Industry News

Where is marketing moving in 2021?

February 9, 2021

Marketers navigating the complexity of 2021 are facing a variety of new challenges and opportunities. Some, such as social audio apps, came on the scene suddenly, while others, like new state privacy laws, have evolved more slowly.

Here are three key marketing trends to watch this year:

1. The ongoing move toward data privacy

Digital marketing is continuing to trend toward greater data privacy, accelerated by Google Chrome’s announced phase-out of third-party cookies and new domestic privacy regulations starting with California’s CCPA and CPRA. Historically, third-party cookies have been the primary means of improving the user experience and collecting data to target ads to the right audiences. Browsers, including Firefox and Safari, phased out third-party cookies years ago, but Google’s announcement to do the same with Chrome by 2022 was significant because it owns such a high browser market share – 63% globally as of January 2021. Publishers, advertisers, data vendors and technology platforms have been working on alternatives since the announcement more than a year ago.

Meanwhile, privacy regulations have continued to evolve in parallel. The California Consumer Privacy Act (CCPA) went into effect Jan. 1, 2020. Similar to the GDPR in Europe, the CCPA set requirements for organizations to inform users about the types of personal information they are collecting and provide a way to opt out. A new law known as the California Privacy Rights and Enforcement Act (CPRA) passed in November 2020. It replaces the CCPA with additional regulations that further define the types of personal data organizations are collecting and gives consumers greater options to control how it is shared.

Implications for marketers:

Many advertising industry experts agree that these trends provide opportunities for marketers to evolve. Those that have relied solely on third-party cookies or hyper-targeted ads can learn more about collecting their own data directly with first-party cookies, or keeping tabs on Google’s new Privacy Sandbox, a set of APIs that are being developed to replace cookies with anonymized signals. They can also look for other ways to reach and engage their audience by building up their owned media properties.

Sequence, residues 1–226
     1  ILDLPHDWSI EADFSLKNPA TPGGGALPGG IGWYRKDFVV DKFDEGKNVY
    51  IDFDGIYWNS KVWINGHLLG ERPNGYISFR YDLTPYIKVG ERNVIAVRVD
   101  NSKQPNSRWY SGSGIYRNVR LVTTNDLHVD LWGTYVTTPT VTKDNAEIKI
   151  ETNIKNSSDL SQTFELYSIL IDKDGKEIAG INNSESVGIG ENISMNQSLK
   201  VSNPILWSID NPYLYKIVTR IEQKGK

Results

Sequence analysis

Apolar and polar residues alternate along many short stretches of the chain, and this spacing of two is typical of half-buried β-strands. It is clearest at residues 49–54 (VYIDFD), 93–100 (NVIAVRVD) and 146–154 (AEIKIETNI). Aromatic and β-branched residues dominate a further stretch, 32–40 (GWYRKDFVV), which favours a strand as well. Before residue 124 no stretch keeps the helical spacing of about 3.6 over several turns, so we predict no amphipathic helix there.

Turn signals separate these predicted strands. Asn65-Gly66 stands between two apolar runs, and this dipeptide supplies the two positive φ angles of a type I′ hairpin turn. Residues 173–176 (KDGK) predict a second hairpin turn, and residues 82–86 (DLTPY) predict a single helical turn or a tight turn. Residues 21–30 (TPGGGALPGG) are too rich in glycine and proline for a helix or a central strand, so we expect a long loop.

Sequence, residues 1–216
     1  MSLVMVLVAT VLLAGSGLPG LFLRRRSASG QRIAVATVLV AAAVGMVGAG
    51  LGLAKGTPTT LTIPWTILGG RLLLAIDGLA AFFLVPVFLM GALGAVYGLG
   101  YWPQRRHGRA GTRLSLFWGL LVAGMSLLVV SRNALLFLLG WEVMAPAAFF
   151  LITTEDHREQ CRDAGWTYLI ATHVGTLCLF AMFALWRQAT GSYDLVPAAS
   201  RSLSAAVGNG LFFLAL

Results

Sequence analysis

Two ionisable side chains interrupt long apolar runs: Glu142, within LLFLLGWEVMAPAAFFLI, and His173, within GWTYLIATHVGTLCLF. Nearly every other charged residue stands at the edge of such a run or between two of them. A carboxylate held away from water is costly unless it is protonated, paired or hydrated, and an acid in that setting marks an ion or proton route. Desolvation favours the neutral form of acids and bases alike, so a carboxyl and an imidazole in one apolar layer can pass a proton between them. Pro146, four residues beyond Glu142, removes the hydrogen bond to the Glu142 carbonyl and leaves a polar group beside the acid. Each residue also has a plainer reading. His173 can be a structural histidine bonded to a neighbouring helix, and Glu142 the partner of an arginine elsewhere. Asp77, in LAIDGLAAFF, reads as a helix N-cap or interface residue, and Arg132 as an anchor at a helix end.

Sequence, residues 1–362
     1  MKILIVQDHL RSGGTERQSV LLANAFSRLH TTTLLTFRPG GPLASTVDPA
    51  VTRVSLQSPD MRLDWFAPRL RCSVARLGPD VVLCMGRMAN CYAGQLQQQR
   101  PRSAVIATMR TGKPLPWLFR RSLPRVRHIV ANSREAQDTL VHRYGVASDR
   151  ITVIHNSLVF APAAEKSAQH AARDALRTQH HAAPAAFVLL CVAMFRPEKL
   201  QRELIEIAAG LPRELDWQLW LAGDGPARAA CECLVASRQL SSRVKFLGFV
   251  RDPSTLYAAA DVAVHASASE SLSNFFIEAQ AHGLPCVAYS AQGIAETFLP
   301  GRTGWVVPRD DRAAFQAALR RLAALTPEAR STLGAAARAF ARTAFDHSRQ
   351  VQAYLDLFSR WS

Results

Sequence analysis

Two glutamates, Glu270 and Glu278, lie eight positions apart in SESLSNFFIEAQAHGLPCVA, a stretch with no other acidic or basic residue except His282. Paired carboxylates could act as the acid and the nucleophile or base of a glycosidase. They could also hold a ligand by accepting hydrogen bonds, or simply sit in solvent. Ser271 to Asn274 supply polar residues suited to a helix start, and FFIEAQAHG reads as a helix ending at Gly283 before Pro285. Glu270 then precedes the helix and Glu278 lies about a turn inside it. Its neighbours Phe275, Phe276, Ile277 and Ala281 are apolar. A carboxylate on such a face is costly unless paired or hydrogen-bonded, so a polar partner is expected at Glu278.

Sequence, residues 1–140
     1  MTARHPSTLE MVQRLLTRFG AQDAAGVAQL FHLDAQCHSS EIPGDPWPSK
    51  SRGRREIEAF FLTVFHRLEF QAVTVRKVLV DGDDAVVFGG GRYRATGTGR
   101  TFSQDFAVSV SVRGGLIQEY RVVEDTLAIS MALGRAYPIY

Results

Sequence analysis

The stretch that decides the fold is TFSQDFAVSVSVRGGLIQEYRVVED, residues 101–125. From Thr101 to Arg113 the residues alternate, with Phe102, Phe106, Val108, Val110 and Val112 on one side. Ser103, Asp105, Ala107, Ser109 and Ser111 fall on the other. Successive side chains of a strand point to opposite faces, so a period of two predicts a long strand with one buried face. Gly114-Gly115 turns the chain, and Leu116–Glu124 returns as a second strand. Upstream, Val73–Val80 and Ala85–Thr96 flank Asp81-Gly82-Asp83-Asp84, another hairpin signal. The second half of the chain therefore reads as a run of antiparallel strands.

2. The move toward social audio

Social audio apps are the talk of the industry in 2021, led by the rise of Clubhouse. The platform, known for its “drop-in audio chats,” surpassed 2 million users in January and is expected to keep growing rapidly. Clubhouse facilitates real-time conversations with social features. It functions similarly to early-internet chat rooms, but rather than instant messaging, it uses real-time audio. Users create “rooms” that others can join. When a conversation concludes, the room disappears along with the audio.

Clubhouse has created a stir during the pandemic with its ability to connect people who are feeling isolated. Other social audio apps are following: Twitter is testing Spaces, a similar platform, and tech analyst Jeremiah Owyang has curated a list of more than 20 other apps in the social audio category.

Implications for marketers:

While there are questions about Clubhouse’s staying power after the pandemic, its quick rise shows that people are seeking alternatives to text-only content and video calls. Clubhouse offers a new way to literally listen to your audience. Marketers can use this momentum to their advantage, establishing themselves as experts on a topic by hosting rooms and leading discussions. They can engage in one-on-one conversations with potential customers and generate excitement around an idea. Even as it works out the kinks, Clubhouse is allowing marketers to establish new connections, seek feedback and provide thought leadership in new ways.

3. The move toward acquiring media companies

On Feb. 3, HubSpot announced that it had acquired The Hustle, a business and tech media startup and newsletter with 1.5 million subscribers. Although it is not the first enterprise tech company to have recently acquired a media company, the deal was notable because of HubSpot’s dominance in the inbound marketing industry.

HubSpot CEO Kipp Bodnar explained why he thinks this trend will grow:

“I think you're going to see a convergence of technology companies and media companies. Most media companies are trying to build software and technology as part of their offering. Most really great technology companies are trying to educate and inform their audience. So I would certainly expect that you're going to see [a convergence] across the space — specifically, the SaaS landscape — over the next couple of years.”

Implications for Marketers:

The trend of acquiring niche media companies shows an increase in the value of subscribers and content that engages them. Businesses that haven’t historically seen themselves as media companies are starting to look for new ways to engage their audiences. This is opening the door to new opportunities to create content and advertise on those platforms. As more businesses start to become nontraditional media companies, they will look for partnerships to grow their audiences. Marketers can find value in these opportunities to connect more deeply with their target customers.

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